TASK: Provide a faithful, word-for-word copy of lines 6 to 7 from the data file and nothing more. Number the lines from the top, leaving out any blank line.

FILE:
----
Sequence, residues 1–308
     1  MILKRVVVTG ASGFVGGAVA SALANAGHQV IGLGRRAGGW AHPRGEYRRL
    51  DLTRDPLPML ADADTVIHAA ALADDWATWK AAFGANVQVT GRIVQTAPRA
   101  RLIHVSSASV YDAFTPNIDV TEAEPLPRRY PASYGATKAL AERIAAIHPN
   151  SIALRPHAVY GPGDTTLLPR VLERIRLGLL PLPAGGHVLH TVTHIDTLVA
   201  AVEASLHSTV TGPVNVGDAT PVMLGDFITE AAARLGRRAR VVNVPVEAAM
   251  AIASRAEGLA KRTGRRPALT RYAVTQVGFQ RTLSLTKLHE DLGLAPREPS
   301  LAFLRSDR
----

   201  AVEASLHSTV TGPVNVGDAT PVMLGDFITE AAARLGRRAR VVNVPVEAAM
   251  AIASRAEGLA KRTGRRPALT RYAVTQVGFQ RTLSLTKLHE DLGLAPREPS